This week I am participating in Rachel Held Evans' "Submit to One Another: Christ and the Household Codes" synchro-blog. Although I kinda wonder if it should be "Paul and Peter and the Household Codes" because Jesus speaks of marriage making two people one flesh, not one subordinate to the other. (And also against divorce, which frankly I have a harder time with unless it's to compassionately rescue abandoned wives from their shame and sheer poverty as a result of divorce.)
Ephesians 5:21-6:9 so got my goat as a young adult (between 16 and 21) that I refused to read it if I was scheduled to read that Sunday. Nothing so dramatic as declaring this for all to hear, I would refuse and call in sick. (I know, very passive aggressive of me and to be completely honest, I'd make my mother call in for me.)
This young feminist (me) who hadn't yet found her voice was disgusted at how out-dated this was. The times they have a'changed and why didn't the church acknowledge this? I chose for it not to be a part of my theology.
It meant that when it came time to marry, I chose alternate vows than the ones in the prayer book. "Obeying" my husband just wasn't something I was interested in. Especially when he wasn't vowing the same back.
Marriage, I learned, had more to do with respect and loving the other than any ancient set of vows. It took me a while to learn the truth of that. It wasn't something I'd been taught
It wasn't until I took the four year course Education for Ministry (for lay people) that I had to "deal" with it. Various parts of the intense bible study had caused struggle and dilemma for myself and other in my EfM group, but this one was tough. I didn't even want to acknowledge these letters (and those that said a woman should be silent in church). However, I made peace with it via Colossians and through an introduction to the Roman household codes (the latter I'll leave to others to talk about).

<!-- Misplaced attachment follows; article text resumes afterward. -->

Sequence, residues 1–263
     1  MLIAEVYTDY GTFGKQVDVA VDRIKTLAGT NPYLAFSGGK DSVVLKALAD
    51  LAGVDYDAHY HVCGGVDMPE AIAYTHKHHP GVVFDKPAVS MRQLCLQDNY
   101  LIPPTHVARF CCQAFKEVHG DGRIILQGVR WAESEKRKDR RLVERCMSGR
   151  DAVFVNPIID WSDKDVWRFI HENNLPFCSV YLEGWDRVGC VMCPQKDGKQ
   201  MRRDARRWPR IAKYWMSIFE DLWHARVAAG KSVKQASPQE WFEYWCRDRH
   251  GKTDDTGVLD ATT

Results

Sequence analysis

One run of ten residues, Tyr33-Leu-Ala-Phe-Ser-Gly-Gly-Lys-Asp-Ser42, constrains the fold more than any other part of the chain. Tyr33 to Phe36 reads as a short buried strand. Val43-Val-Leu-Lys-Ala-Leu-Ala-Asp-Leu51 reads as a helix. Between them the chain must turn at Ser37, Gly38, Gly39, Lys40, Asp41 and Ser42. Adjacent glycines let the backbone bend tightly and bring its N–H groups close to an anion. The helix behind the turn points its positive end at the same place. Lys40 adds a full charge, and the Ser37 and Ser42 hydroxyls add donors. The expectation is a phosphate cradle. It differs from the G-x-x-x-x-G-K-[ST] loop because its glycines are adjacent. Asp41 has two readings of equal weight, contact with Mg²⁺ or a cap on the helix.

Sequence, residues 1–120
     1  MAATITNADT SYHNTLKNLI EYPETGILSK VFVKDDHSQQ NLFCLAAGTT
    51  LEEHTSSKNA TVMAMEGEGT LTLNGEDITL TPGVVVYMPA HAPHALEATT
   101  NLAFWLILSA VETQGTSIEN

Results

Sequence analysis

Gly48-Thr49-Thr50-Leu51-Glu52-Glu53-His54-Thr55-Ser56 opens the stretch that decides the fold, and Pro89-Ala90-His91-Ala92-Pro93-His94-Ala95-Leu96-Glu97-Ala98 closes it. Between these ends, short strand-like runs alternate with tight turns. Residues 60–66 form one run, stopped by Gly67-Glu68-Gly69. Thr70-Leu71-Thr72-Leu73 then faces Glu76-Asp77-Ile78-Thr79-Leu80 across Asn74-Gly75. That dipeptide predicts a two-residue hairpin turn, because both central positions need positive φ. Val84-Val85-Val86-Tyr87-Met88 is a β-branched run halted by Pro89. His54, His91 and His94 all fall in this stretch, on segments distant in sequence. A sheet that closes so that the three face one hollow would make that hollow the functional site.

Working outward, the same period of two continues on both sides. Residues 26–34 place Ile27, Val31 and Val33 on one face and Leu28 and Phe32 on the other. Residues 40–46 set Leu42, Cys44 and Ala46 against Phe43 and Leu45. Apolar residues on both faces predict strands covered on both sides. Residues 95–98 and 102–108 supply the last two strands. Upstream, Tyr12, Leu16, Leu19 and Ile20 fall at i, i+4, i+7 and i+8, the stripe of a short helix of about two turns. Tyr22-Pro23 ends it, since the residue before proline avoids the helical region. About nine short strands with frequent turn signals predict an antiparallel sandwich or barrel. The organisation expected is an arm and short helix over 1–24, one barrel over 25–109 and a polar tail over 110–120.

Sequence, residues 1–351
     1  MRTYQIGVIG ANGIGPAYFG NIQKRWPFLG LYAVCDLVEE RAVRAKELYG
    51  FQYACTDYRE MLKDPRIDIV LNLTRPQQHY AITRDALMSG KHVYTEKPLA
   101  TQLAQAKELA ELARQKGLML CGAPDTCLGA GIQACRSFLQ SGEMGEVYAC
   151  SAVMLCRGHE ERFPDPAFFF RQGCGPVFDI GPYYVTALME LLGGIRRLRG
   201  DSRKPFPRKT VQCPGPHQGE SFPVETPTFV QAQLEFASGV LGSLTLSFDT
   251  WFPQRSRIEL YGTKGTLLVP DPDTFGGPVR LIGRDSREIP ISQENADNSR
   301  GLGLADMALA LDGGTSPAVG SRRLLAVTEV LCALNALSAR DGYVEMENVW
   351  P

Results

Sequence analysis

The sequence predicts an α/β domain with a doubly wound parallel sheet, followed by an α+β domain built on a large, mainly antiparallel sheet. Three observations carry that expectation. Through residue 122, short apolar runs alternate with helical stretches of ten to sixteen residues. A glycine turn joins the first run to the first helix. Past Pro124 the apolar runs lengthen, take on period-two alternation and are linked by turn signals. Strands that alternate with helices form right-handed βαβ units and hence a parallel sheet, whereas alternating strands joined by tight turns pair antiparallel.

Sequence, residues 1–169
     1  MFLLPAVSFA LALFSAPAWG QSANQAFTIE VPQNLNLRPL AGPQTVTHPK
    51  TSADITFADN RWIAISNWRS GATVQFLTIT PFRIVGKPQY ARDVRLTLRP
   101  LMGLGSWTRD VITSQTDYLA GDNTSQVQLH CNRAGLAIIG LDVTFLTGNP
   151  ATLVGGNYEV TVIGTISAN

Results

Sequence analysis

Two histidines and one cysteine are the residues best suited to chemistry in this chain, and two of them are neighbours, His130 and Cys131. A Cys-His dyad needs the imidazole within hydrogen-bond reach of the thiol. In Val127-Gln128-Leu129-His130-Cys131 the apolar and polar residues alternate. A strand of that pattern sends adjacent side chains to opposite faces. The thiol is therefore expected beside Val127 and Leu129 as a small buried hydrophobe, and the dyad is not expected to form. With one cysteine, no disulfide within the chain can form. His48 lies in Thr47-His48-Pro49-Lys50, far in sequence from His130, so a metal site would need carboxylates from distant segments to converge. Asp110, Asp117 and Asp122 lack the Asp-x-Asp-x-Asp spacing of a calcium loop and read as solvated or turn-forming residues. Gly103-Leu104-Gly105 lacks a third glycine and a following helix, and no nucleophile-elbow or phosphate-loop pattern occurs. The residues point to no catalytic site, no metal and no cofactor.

The Colossians passage is actually kind of nice. There's a simplicity to it without turning one spouse into God and the other into a virgin bride like Ephesians does.
Because it's mutual, equal. Husband to wife, wife to husband. Love each other, respect each other, see Christ in each other. That's what mutual submission is, otherwise somebody ends up a doormat.
By the way, Personally I think it is hilarious to hold Sarah up as an submissive spouse when she so often told Abraham what to do (1 Peter 3:6). The two of them make a team more often than not with one or the other taking the lead. I do wish the discussion they had about Sarah being his sister (twice) had been recorded. Just sayin'.